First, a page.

Here's a comic book from September 1970 that was impressive at the time and still looks pretty good compared to today's comics:Green Lantern #79
One critic liked it well enough:Green Lantern/Green Arrow #79
But blogger Brian Cronin nominates its climax as the second goofiest moment in the first 10 issues:Ten Goofiest Moments in Green Lantern #76-85
2. Green Arrow’s Burden…Perhaps the epitome of Green Arrow’s patronizing sermonizing happens in #79, when he dresses up as the ghost of a famous tribal leader to inspire the members of the tribe to stand up to the white man… You have to wake up pretty early in the morning to get more patronizing, Ollie…
Comment: Yes, Green Arrow's approach is extremely patronizing. On the other, it's possible a group of mild-mannered Indians might be unwilling to fight a powerful businessman. And only one Indian takes the "ghost" seriously; the rest scoff at it.
What's goofy are a few things Cronin doesn't mention:
1) The story takes place in the Pacific Northwest--note the pine trees. But Green Arrow dresses up as a stereotypical Plains chief. The Indians should've shouted, "You can't be the ghost of Ulysses Star because you don't look anything like him."
2) Most of the Indians wear headbands and vests. It's a modified stereotypical look that's supposed to seem modern but Native. In reality, roughly zero Indians wear headbands in their everyday lives.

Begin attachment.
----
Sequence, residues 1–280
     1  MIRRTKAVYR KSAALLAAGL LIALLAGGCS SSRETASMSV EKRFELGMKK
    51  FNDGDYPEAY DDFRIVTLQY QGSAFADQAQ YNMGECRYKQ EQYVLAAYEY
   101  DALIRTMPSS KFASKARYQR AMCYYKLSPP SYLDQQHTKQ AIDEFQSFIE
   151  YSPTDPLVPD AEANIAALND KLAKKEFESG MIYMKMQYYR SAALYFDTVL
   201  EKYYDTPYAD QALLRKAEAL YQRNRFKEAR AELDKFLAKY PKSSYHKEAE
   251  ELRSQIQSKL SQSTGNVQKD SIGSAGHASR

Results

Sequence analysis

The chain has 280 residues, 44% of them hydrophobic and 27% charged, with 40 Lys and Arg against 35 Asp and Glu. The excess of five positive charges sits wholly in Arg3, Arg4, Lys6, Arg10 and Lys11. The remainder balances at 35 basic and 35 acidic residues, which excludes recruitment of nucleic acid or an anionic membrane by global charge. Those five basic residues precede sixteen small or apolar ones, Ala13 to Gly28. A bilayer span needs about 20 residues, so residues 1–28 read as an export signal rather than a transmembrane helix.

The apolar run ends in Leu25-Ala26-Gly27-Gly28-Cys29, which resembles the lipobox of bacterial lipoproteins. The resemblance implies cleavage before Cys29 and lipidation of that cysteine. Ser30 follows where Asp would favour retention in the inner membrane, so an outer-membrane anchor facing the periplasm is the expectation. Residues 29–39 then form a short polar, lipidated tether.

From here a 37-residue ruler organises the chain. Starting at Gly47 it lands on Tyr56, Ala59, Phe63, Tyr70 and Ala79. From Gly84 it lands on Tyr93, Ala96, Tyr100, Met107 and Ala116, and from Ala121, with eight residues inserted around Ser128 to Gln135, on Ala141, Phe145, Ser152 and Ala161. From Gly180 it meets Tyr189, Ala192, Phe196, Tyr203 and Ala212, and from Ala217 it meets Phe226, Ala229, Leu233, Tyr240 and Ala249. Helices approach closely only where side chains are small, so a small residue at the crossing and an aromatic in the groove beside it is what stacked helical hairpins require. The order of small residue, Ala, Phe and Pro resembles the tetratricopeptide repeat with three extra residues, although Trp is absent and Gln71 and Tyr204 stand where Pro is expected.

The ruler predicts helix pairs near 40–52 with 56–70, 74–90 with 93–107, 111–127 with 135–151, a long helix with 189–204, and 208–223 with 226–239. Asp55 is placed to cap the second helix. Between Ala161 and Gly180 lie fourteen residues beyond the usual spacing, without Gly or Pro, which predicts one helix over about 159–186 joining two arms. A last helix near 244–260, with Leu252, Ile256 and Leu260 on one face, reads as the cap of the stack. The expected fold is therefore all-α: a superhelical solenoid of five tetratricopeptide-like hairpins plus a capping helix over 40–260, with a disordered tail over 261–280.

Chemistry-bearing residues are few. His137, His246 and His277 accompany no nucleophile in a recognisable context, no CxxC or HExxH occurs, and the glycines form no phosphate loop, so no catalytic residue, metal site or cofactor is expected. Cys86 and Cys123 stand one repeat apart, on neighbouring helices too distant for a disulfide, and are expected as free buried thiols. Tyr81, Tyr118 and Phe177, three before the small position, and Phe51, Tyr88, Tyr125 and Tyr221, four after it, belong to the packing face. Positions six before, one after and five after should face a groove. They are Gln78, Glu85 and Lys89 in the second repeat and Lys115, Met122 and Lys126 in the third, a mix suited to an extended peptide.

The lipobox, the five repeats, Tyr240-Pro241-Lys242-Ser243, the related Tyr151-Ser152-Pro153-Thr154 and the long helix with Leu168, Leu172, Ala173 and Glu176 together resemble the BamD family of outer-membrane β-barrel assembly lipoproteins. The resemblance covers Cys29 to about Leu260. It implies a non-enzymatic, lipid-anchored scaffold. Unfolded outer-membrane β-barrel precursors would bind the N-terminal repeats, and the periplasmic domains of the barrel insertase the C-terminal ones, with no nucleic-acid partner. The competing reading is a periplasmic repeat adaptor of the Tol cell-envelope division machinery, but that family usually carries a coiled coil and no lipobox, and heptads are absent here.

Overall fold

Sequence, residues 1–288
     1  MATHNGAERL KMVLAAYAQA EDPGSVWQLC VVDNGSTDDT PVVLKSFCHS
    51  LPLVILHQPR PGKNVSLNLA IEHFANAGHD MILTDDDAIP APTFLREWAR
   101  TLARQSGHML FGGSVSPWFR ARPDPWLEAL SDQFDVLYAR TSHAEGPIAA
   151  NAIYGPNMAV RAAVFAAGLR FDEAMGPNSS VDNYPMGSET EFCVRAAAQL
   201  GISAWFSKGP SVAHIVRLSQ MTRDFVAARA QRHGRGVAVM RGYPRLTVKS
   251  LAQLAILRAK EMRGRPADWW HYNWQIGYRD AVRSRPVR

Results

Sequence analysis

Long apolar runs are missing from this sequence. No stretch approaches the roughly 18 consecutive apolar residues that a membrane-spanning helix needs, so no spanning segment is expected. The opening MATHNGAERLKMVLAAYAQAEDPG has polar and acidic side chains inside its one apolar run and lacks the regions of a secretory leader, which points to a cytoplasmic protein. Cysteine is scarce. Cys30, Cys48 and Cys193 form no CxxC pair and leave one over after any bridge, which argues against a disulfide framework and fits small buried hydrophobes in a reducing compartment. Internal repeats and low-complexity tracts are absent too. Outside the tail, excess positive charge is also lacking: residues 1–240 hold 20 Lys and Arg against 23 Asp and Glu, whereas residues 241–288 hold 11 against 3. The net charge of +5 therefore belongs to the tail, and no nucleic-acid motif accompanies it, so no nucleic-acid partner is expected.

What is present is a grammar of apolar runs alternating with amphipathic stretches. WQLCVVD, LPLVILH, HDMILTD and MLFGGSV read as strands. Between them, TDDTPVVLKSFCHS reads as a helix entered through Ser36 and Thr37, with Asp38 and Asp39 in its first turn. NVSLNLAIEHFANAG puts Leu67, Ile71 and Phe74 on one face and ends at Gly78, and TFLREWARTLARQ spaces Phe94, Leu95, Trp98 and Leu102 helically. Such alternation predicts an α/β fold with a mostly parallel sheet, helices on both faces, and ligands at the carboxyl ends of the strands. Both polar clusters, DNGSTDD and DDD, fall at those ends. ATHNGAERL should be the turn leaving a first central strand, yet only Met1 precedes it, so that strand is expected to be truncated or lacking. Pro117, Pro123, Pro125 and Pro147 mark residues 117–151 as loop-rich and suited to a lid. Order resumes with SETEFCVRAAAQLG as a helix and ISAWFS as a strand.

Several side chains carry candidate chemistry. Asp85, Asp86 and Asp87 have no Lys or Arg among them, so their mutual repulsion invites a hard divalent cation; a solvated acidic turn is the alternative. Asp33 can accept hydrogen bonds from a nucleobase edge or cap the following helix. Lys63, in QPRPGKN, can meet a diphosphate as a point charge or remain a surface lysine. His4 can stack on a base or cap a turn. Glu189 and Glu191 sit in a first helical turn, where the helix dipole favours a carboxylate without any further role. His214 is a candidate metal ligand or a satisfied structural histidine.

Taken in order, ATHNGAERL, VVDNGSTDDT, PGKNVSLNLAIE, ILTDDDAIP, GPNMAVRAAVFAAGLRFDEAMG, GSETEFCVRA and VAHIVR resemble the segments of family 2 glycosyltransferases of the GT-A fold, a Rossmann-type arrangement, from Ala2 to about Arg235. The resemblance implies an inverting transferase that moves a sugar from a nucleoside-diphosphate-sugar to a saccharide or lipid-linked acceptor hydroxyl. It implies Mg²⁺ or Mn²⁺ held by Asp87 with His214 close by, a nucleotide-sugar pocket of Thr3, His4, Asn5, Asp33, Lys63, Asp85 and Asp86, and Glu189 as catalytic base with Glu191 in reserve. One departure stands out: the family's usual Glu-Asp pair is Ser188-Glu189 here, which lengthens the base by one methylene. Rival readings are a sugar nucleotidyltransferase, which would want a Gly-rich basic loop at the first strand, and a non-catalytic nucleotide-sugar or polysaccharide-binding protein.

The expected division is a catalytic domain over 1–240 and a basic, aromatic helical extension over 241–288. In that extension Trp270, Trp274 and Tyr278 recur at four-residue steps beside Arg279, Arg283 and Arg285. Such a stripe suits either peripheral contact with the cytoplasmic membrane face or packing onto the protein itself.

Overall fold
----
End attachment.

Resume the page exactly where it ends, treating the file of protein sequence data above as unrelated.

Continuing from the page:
3) The Indians have dark pink skins. Which was kind of par for the course in comics back then. Asians usually had yellow-brown skin. Only blacks were rendered with reasonable accuracy.Cover is goofiest
For a truly goofy moment in this comic, you have to go to the cover:
It's a symbolic moment that doesn't happen in the story, but it's still stupid. Green Arrow wears a full headdress from a culture located hundreds of miles away. He uses the slur "redskin." The Indians wear traditional buckskins and feathers around a campfire even though they're seated near wood-frame buildings.
Perhaps worst of all Green Lantern is tied to a totem pole with fearsome human faces. Totem poles usually feature animals that tell a story. They aren't random collections of scary little men.
With GA acting like a savage Indian chief and GL tied to a savage-looking totem pole, guess what the message is. Yes, that Indians are savages, again.